Digital Humanities Month at UCL

By Sarah Davenport, on 4 April 2013

April is Digital Humanities Month at UCL!  Along with the DH Project Starter Workshop and the event for UCL undergraduates, we are holding a series of talks. All are welcome and there will be a drinks reception after each talk. Please note that registration is required as places are limited.

Friday 12th April, 5.30pm, G31 Foster Court

“Contexts, Toward Building the Social Edition”

Ray Siemens, University of Victoria

This talk explores, via narrative and example, research contexts toward the social scholarly edition, among them notions of Big Humanities and Humanities 2.0, the nature of impact in and beyond academic environments, and engaging extended community through work anchored in an academic research agenda.  A prime example will be the social edition of the Devonshire Manuscript (BL Add 17492)

Register here

Tuesday 16th April, 5.30pm, G31 Foster Court

“The Gates of Hell: History and Definition of Digital | Humanities | Computing”

Edward Vanhoutte, Centre for Scholarly Editing and Document Studies, Royal Academy of Dutch Language and Literature

The origins of the Digital Humanities dating back to the late 1940′s are quite well known, or so it seems. In The Gates of Hell, Edward Vanhoutte recounts the story of the use of computational techniques through history and frames its early history within the context of failure from the part of war technology. He will show how the use of the computer for electronic text analysis developed into Humanities Computing and how the schism with Computational Linguistics occurred. He will argue that these historical insights are important for our current thinking about where the Digital Humanities come from, what they are, and where they should head to. Vanhoutte will use Auguste Rodin’s sculpture La porte de l’Enfer or The Gates of Hell as a metaphor throughout the lecture.

Register here

Thursday 18th April, 5.30pm, G31 Foster Court

“Exploring Enlightenment: Text Mining the 18th-Century Republic of Letters”

Glenn Roe, Faculty of Medieval and Modern Languages, University of Oxford

The challenge of ‘Big Data’ in the Humanities has led in recent years to a host of innovative technological and algorithmic approaches to the growing digital human record. These techniques—from data mining to distant reading—can offer students and scholars new perspectives on the exploration and visualisation of increasingly intractable data sets in the human and social sciences; perspectives that would have previously been unimaginable. The danger, however, in these kinds of ‘macro-analyses’, is that scholars find themselves increasingly disconnected from the raw materials of their research, engaging with massive collections of texts in ways that are neither intuitive nor transparent, and that provide few opportunities to apply traditional modes of close reading to these new resources. In this talk, I will outline some of my previous work using data mining and machine learning techniques to explore large data sets drawn primarily from the French Enlightenment period. Building upon these past experiences, I will then present my current research project at Oxford, which uses sequence alignment algorithms to identify intertextual relationships between authors and texts in the 18th-century “Republic of Letters.” By reintroducing the notion of (inter)textuality into algorithmic and data-driven methods of macro-anlalysis we can perhaps bridge the gap between distant and close readings, by way of an intermediary mode of scholarship I term ‘directed’ or ‘scalable’ reading.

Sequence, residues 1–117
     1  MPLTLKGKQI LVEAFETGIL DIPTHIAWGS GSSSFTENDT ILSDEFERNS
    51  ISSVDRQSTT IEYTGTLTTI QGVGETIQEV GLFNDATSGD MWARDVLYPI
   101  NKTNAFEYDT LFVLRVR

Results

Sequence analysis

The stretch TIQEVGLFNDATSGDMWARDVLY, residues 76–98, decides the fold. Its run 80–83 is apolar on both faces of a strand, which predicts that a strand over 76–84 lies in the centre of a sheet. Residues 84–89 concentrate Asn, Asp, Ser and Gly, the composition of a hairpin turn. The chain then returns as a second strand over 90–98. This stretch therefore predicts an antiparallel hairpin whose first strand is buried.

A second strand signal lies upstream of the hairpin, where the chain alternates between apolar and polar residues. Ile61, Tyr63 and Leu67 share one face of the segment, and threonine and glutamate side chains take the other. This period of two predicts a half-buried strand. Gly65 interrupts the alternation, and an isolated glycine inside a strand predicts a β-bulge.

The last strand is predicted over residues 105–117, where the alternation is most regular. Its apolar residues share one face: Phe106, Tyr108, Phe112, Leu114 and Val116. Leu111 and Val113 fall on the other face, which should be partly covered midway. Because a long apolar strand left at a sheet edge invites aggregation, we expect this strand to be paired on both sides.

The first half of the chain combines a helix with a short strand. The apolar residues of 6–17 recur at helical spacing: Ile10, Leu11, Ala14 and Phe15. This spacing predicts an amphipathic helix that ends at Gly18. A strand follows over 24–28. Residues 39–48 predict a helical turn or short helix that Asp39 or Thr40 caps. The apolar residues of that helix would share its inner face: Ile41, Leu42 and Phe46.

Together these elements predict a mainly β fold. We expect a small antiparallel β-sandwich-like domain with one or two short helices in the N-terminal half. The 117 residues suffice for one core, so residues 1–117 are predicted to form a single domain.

Register here

Wednesday 24th April, 5.30pm, G31 Foster Court

“Public support for the UK Digital Humanities: looking back and forwards”

David Robey, Oxford e-Research Centre

The UK has swung in a few years from leading the world in its infrastructure for the Digital Humanities to providing almost nothing in this respect. This talk, by the former Director of the AHRC ICT in Arts and Humanities Research Programme, will discuss some of the reasons for this change, and the issues, needs and prospects for a Digital Humanities infrastructure in the future.

Register here

Digital Humanities Project Starter Workshop

By Sarah Davenport, on 26 February 2013

Thursday 25 April & Friday 26 April 2013

Forms part of UCL’s Digital Humanities Month, April 2013, supported by the Grand Challenge of Cultural Interaction

- £5,000 project starter prize for the best cross-disciplinary digital humanities project

- Only 12-16 places are available

- Open to all disciplines across UCL. You don’t have to be a humanities researcher or a computer scientist to apply

- Apply by 9am, Monday, 25th March 2013

Who can pitch the best project, and win seed funding (£5,000) to undertake a new project at the juncture of computing and the humanities? This is your opportunity to spend one and a half days working in cross-disciplinary project groups to formulate research proposals which will be judged by an expert panel.

This innovative workshop, led by a professional facilitator, will aim to stimulate new thinking about digital humanities and to catalyse collaborations across UCL with researchers who work in disparate subject areas.

Please see the Intercultural Interaction website for further details and information on how to apply.

News about further Digital Humanities Month events to follow.  Watch this space!